Listen, I love Yuri!!! On ICE. Sayo Yamamoto is one of the single most talented directors working in anime right now, and literally anything that gets her more attention is something I can get behind. I watched the episodes week to week over streams when I was first dating my wife. It’s an important show for me and many other people. But it can be just a little bit tiring to see it treated like the one-and-only queer anime in existence, often by well-meaning viewers who just don’t know where else to look. So in honor of Pride Month let me, an anime Old, help you out.
I’ve limited this list to five items for simplicity, but I still want to give a shout-out to gems like charming idol show with a well-developed, sympathetic trans character ZOMBIE LAND SAGA, multi-generational masterpiece with a queer-coded lead Showa Genroku Rakugo Shinju, beautiful “this is blatantly queer but the directors were oblivious shitheads about it” trainwreck Samurai Flamenco; and grounded, nuanced meditation on love’s complexities Bloom into You. And that’s not even scratching the surface. There’s a whole world out there of unsung queer anime to discover — including this summer’s upcoming guitarist love story Given.
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Cocona’s quiet life is interrupted when a mysterious girl named Papika pulls her into a land called “Pure Illusion.” Soon Cocona is traversing alternate universes under the orders of the organization Flip Flap and its unknown agenda.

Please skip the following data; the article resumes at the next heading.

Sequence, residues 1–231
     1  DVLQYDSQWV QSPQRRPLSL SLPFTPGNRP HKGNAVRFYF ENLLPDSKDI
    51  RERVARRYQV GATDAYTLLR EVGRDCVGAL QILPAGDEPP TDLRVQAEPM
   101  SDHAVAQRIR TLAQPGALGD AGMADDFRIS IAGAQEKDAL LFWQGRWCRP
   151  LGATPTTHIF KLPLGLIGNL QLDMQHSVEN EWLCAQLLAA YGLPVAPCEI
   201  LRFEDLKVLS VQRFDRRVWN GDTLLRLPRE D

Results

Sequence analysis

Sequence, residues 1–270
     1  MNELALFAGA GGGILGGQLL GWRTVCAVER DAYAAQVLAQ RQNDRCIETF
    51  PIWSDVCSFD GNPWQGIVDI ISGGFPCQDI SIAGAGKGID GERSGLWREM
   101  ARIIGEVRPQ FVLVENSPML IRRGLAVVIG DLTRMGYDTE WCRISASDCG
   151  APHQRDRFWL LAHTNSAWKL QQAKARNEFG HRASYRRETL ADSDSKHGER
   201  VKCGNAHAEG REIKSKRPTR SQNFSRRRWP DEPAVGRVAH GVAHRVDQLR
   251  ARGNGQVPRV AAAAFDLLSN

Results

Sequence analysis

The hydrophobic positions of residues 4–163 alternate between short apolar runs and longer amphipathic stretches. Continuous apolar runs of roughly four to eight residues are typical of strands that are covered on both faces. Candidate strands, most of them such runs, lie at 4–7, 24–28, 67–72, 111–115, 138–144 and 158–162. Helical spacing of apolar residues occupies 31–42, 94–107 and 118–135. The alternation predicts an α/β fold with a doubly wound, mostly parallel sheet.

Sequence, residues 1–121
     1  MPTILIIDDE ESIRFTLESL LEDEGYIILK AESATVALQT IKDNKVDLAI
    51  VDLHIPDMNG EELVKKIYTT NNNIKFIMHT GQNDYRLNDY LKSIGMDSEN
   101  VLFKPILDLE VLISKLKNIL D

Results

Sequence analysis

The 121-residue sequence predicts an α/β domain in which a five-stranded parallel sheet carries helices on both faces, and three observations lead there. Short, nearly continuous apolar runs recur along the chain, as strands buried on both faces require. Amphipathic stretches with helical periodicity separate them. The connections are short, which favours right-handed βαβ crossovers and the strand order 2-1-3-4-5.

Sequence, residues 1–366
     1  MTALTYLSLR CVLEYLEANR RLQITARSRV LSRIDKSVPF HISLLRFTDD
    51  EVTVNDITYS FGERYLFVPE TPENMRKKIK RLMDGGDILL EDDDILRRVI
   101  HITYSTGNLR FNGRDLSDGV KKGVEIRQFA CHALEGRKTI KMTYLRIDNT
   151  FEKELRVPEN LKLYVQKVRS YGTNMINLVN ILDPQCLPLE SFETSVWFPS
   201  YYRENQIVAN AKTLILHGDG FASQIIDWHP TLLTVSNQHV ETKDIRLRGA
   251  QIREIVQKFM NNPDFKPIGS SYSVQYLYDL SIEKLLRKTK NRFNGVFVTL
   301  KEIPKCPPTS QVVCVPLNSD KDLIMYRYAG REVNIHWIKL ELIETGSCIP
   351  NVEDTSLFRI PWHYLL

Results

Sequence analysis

A magical girl series with a seriously surreal psychedelic tint, Flip Flappers is a gorgeous queer coming-of-age tale. Its enthusiasm is infectious from the word go, and it has a talent for using its bizarre dream logic to dig into adolescent fears and make some pretty pointed commentary on the “just a phase” Class-S subgenre of yuri. The various worlds make for dynamite stand-alone episodes that also weave together effectively as a character study of its leads.
The series did change scriptwriters halfway through, marking a somewhat notable shift from Yuniko Ayana’s metaphor-heavy first half and Naoki Hayashi’s more plot-driven second half (which, in the switch from a female to male writer, also brings in some annoying spatterings of fanservice), but the sweet and earnest romance at the story’s heart holds things together and brings it in for a satisfying and emotional conclusion.